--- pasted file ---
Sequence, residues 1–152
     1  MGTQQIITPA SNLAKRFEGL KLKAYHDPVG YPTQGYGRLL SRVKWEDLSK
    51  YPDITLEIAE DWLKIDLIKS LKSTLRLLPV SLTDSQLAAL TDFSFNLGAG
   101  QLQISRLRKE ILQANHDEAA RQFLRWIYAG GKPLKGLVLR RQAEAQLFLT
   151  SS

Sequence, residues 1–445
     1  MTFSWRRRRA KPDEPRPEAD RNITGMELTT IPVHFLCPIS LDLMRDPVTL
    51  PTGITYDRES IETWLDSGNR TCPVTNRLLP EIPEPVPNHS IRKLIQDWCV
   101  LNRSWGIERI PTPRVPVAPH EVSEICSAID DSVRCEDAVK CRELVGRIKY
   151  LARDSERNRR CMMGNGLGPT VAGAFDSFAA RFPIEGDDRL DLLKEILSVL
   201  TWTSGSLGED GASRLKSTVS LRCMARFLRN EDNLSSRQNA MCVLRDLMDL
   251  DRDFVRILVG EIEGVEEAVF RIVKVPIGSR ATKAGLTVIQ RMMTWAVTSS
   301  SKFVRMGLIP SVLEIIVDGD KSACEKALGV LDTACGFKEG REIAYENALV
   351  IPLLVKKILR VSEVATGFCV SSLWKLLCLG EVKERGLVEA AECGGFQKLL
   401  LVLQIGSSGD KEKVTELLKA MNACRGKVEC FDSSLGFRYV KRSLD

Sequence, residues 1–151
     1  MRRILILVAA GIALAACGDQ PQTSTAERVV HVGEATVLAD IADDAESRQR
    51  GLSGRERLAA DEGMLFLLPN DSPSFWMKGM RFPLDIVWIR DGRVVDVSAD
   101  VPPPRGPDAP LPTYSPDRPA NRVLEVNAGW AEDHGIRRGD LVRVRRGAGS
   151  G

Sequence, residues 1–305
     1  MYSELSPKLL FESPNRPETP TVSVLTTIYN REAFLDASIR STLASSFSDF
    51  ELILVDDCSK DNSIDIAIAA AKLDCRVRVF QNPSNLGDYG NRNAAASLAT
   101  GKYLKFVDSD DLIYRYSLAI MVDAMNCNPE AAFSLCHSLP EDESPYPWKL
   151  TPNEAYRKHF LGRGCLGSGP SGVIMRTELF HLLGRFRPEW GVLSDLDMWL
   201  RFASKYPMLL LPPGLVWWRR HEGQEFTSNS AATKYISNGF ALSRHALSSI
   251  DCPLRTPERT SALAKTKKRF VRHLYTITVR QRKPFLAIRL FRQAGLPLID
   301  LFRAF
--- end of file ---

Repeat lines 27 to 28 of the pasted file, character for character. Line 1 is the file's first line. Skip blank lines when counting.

   251  DCPLRTPERT SALAKTKKRF VRHLYTITVR QRKPFLAIRL FRQAGLPLID
   301  LFRAF